In the present case, the Appellant is an ex-employee of the Respondent/Corporate Debtor and has filed an Application under Section 9 of the Code, 2016 as an Operational Creditor after sending a demand notice under Section 8 of the Code, 2016 to not even avail a response from the Respondents. The Respondents in the present instance stated the existence of a dispute under section 8(2). The operational debt claimed by the appellant relates to the appellant’s salary, flexible pay basket, gratuity and bonuses. The Respondents contended that the Appellant is being terminated in accordance with the employment agreement which stipulates that in case of termination of employment due to fraud or breach of trust no severance is due to the employee. The AA accepted the Respondent’s plea regarding the existence of a dispute in terms of the Operational Debt thus dismissing the Petition.
The Hon’ble NCLAT noted that the amount claimed by the appellant is not severance pay but is the salary and other perks (like gratuity and bonus) which became due and payable at the moment of termination of the employment and dispute pertaining to the same exists, the appellant has not claimed to be owed the severance pay by the respondent. The Hon’ble NCLAT held that for a debtor to take the plea of pre-existing dispute u/s 8(2) the dispute must relate to the claim made by the operational creditor, mere existence of a dispute is not blanket protection under section 8(2)(a) of the I&B Code. The appeal was allowed holding the impugned order to be contrary to law.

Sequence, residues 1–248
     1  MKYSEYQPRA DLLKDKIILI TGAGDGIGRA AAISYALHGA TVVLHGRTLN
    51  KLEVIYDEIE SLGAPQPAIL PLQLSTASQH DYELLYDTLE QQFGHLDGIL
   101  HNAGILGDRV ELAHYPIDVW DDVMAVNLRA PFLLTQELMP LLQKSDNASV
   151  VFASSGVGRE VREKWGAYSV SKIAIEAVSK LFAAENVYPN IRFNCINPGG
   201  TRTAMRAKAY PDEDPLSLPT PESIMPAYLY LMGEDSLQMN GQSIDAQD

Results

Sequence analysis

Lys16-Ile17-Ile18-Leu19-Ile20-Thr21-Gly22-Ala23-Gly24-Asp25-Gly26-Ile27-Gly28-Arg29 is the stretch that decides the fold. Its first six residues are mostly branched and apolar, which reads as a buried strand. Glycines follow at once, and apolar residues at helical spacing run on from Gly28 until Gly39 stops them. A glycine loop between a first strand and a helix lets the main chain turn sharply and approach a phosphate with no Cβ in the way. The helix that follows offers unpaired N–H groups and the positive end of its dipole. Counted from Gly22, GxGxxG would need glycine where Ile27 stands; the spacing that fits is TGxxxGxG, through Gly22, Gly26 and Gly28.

- SHAILAJA VAIBHAV PATIL VS. CMA HARSHAD S. DESHPANDE. [NCLAT – NEW DELHI] (DOJ- 05.12.22)
In the facts of the instant case, the Resolution Plan was submitted by the Respondent 5 & 6 (Resolution Applicants), which was rejected by the CoC. Consequently, the AA directed the initiation of liquidation proceedings under section 33 of the IBC, 2016. During the pendency of liquidation application, the Applicants via the assignment deed had acquired 100% voting share in the CoC. An Appeal was made in the Tribunal to set aside the order initiating Liquidation and send the case back to CoC so that they can review the prior Resolution Plan.